A little bit of history to end with. James Lind was a scottish naval surgeon who in the 1700s pioneered the first clinical trail in his work on the prevention of scurvy. Twelve scorbutic sailors were divided into 6 groups, all had the same diet but they were given different ‘supplements’ cider, sulphuric acid, vinegar, seawater, a spicy paste and barley water or 2 oranges and 1 lemon. His results showed that oranges and lemons were better than other treatments.

What does it mean for academic papers to be available freely?

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To me? A great deal. In December I started to work in independent practice and in December, for the first time in  many years I lost the ability to access freely academic journals. An interesting position to be in and one experienced by the majority of healthcare professionals working outside of academia or the NHS. Even within the NHS reduced  access is a frustration for healthcare professionals who, on completion of postgraduate studies linked with a University, are more limited in what they can access.

Therefore it was with real interest that I followed up a number of tweets last week about Sci-Hub which was established in 2011 and, until now, has passed me by completely. What follows is a precis of the story published in sciencealert.com, and bigthink.com.  Sci-Hub was created by Russian neuroscientist Alexandra Elbakyan as a consequence of her frustration at her inability to access articles without having to pay. Does this resonate with you? You find an abstract that looks promising, follow the link and are met with a request for payment?

Here is something I have been reflecting on prompted by this story. I was looking for a paper last week and to access it for 24 hours would have cost me $40 (£27.57p). Now here’s the thing – I receive fairly regular request from said journal to carry out article reviews. I am required to do this free of charge within 10 working days. During those 10 days I receive reminders of the approaching deadline and if I miss it I receive an email pointing out how I am holding up the review process. If I decline to undertake the review I am automatically directed to a webpage asking me to suggest alternative reviewers from my professional network. Hmmm.

Alexandra Elbakyan moved way beyond my frustration and established what is in effect a pirate repository of over 48 million journal articles. How does it work? You type in the URL of the paper you are seeking and the full text of the paper appears – it works I searched for one of my papers and the full text was there in seconds.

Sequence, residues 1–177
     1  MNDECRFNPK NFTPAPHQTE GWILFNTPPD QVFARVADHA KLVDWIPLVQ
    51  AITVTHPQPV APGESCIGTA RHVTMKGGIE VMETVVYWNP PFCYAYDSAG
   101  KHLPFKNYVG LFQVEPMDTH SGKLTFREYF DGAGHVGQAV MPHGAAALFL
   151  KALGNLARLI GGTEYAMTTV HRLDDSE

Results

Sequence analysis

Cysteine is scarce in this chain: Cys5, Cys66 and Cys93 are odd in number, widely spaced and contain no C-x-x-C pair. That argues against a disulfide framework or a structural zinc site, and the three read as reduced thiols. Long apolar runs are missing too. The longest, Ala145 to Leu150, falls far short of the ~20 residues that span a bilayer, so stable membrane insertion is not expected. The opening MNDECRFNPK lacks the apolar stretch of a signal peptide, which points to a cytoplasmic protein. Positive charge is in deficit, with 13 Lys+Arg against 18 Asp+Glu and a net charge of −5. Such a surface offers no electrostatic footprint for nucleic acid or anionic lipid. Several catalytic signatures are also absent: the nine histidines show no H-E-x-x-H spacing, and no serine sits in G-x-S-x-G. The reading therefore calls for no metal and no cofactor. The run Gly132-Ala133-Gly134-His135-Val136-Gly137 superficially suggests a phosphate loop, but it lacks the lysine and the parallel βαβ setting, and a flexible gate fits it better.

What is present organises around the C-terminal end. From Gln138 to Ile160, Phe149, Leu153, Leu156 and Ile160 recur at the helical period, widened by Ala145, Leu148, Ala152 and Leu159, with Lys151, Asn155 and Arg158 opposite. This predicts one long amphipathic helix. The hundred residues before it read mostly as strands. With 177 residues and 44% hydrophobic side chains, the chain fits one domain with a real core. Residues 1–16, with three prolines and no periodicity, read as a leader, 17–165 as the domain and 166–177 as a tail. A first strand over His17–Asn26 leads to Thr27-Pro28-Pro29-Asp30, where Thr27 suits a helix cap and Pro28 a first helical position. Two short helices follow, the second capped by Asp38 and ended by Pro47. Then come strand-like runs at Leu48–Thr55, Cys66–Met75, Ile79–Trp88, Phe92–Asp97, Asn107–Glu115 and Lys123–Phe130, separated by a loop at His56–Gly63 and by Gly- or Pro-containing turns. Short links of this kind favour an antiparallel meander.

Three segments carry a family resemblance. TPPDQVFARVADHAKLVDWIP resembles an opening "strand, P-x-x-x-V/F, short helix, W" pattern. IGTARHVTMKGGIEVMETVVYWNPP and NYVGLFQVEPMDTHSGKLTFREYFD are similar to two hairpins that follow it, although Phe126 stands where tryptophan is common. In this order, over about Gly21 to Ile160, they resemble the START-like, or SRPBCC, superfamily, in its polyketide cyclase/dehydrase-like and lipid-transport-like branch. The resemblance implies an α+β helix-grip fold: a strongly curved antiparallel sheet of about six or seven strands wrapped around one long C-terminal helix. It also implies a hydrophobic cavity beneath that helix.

Behind the scenes your request is first routed to similar pirate site LibGen and if they don’t have it… well you know you are told to never share logins or password – anonymous academics have donated theirs to Sci-Hub enabling it to access journals that otherwise sit behind paywalls. The neat thing is that if it accesses a paper in this way Sci-hub then sends a copy of the paper to LibGen to increase their repository.

Needless to say Alexandra Elbankyan is the subject to a law suit  in the US brought by Elsevier and was ordered to close the site down in December. However it is still up and running. In fighting the injunction Alexandra has cited article 27 of the UN Declaration of Human Rights which states that: ‘everyone has the right freely to participate in the cultural life of the community, to enjoy the arts and to share in scientific advancement and its benefits’.

The points made in her letter to the judge in her defence are really worth reading. Having published in academic journals, chaired an editorial board of a professional journal and published books I understand the different perspectives. However it is my current position of being effectively locked out of the world of academic publishing that makes me cheer for the tenacity of Alexandra Elbankyan and what she is fighting for – the democratisation of knowledge.

Some of the greatest beneficiaries of this fight will be people in developing countries but a thought I will share which is closer to home and focused on practice rather than academic publishing- if we are committed to evidence informed practice and the rapid translation of research into practice what will happen within an increasingly fragmented health economy where no one working in the independent or voluntary sectors, like me, has access to the evidence?

The photo used in this post was taken by Aleski Tappura and downloaded from Unsplash.com

 

Wednesday exploration: pomodoro & shut up & write

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People writing together. Image shared via Stock Snap

Writing is finally about one thing: going into a room and doing it. William Goldman.

The bottom line is that we all know this but if you have a paper or report to write, a thesis to complete or a proposal to develop how good are you at actually getting down to writing? Are you disciplined about sitting down and getting on with the task in hand or do you find a hundred and one more important things to do?

When you settle down with your computer to write if you need to look something up on the internet do you, 10 clicks later, find yourself engrossed in some amazing website that has absolutely nothing to do with what you were looking up? Then the things being shared in this weeks exploration may be of interest.